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Recent Paleontological Discoveries, page 3

Click on the MEDIA ITEMS below for more information


them jammed with bones. Actually, very little of the cave itself exists, a deep gulch in the rocks marking where the roof of the cave was originally situated.

Although the cataloguing of the bones has not as yet been completed, it is already apparent that this new section of the Cumberland Bone Cave has supplemented many of Gidley's findings. Not only have additional bones been found which help to fill out gaps in previously discovered skeletons but several species of amphibians have been discovered. Previous to this find only mammalian remains, with the exception of a few reptilian remains and one fragment of a ruffed grouse, had been known to occur.

The accumulation of bones must have been gradual although all the mammals are pre-Wisconsin in age. The remains range in size from mastodon to bats and the diversity of types indicates that widely varying climate zones must have existed during the time of deposition. In the one cave have been found such types as the wolverine, grizzly bear, and Mustelidae which are native to the arctic. In the same cave have been found peccaries, which are the most numerous types represented, tapirs, and an antelope possibly related to the present day eland, all of which are indigenous at present to tropical regions. Ground hogs, rabbits, coyote and hare remains are indicative of the prairielands, but on the other hand such water-loving animals as beaver and muskrat would suggest a more humid condition.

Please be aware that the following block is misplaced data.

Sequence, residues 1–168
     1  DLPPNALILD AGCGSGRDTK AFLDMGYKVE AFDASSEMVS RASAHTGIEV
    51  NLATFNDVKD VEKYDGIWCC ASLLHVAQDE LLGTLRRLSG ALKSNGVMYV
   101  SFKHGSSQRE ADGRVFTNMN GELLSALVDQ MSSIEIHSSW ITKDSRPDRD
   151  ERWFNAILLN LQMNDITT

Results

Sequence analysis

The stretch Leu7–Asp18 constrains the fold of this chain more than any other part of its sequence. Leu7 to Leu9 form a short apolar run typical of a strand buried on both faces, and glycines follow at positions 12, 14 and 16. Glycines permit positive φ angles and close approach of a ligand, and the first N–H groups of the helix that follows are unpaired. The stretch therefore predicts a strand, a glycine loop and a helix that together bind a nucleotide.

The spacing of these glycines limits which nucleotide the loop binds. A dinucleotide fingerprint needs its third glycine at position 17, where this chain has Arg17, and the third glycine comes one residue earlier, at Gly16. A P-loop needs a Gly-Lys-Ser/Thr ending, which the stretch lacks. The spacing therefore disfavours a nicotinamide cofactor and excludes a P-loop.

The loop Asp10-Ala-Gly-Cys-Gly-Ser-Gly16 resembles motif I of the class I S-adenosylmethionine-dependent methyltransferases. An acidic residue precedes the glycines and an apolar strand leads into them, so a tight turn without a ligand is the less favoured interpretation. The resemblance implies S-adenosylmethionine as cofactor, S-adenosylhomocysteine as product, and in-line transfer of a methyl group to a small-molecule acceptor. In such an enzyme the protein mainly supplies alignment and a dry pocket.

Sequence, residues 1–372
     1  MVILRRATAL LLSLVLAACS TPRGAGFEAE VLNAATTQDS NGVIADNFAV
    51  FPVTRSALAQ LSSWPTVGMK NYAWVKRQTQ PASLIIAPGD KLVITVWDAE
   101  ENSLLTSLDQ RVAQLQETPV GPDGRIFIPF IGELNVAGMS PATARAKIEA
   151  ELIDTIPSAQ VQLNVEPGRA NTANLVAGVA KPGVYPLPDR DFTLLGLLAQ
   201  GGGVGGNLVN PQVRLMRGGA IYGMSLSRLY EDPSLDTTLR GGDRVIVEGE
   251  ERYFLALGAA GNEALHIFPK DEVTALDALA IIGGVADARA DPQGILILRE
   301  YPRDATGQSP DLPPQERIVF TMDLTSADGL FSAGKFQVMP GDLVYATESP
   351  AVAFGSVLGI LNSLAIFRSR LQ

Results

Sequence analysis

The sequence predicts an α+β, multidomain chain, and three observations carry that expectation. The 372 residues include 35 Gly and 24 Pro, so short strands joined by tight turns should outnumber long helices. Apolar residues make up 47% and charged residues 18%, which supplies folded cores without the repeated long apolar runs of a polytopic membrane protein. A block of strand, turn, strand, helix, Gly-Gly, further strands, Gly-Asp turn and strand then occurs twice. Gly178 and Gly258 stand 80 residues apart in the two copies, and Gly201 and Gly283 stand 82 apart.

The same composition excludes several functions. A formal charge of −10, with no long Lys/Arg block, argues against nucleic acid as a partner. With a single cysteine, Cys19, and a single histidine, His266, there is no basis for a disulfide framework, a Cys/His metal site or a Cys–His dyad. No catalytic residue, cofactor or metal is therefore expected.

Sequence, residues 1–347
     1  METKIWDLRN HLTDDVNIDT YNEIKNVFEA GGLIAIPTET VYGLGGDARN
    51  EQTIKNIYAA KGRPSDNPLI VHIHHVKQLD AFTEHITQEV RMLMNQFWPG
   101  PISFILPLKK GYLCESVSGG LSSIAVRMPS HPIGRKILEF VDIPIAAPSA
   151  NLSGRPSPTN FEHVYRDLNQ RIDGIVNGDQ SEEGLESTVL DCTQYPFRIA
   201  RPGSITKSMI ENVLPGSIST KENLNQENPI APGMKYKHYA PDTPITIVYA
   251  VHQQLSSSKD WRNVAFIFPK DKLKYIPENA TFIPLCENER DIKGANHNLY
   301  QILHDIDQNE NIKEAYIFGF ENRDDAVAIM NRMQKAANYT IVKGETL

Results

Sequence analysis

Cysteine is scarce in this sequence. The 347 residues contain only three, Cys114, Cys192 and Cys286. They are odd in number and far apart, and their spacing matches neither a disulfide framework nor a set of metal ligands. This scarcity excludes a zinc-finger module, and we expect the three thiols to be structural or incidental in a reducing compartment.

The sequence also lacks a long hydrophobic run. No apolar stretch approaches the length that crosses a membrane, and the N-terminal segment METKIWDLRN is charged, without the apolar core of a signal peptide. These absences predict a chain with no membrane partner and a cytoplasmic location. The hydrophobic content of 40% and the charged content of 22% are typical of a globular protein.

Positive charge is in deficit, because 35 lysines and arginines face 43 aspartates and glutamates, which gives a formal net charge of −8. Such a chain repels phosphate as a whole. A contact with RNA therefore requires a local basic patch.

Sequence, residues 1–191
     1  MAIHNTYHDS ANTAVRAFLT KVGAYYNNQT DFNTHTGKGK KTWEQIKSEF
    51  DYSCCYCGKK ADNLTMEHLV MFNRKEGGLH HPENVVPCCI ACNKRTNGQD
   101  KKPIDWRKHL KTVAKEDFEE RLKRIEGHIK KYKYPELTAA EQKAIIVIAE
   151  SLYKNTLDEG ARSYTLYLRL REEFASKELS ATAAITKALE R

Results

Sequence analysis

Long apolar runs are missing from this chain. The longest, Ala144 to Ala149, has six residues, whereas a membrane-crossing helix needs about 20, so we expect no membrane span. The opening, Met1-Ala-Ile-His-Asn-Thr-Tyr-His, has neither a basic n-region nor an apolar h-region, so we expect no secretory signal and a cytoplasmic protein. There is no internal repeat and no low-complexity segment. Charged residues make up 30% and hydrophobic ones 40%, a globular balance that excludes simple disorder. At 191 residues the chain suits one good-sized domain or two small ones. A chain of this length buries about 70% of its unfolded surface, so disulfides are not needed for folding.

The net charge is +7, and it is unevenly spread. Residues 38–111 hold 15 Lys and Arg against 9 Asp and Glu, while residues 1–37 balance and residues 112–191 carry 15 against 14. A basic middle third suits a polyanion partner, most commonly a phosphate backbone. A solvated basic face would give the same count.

Several explanations have been given for this puzzling variety of species, but the most logical seems to be that the remains collected during a sufficient length of time to allow for a gradual change in climate from one extreme to the other. If a time range of fifty thousand years is postulated for the length of time necessary to accomplish this then the diversity of bones can be easily accounted for and still place the remains in the age usually assigned to them. Before the advance of the last ice sheet, a semi-tropical climate pervaded the region. Then, with the advancing ice sheet, the tropical animals migrated south and the land became the habitat of animals native to the arctic region. Hence, it is not all unusual to find peccary bones intermingled with martens and specimens of the Ursidae.



Bro G. Nicholas


Collection Location:
Ruth Enlow Library, Oakland

Original Size:
22 x 15 cms

Editor: Felix G. Robinson

Maryland, History


Western Maryland Regional Library
100 South Potomac Street
Hagerstown, Maryland 21740

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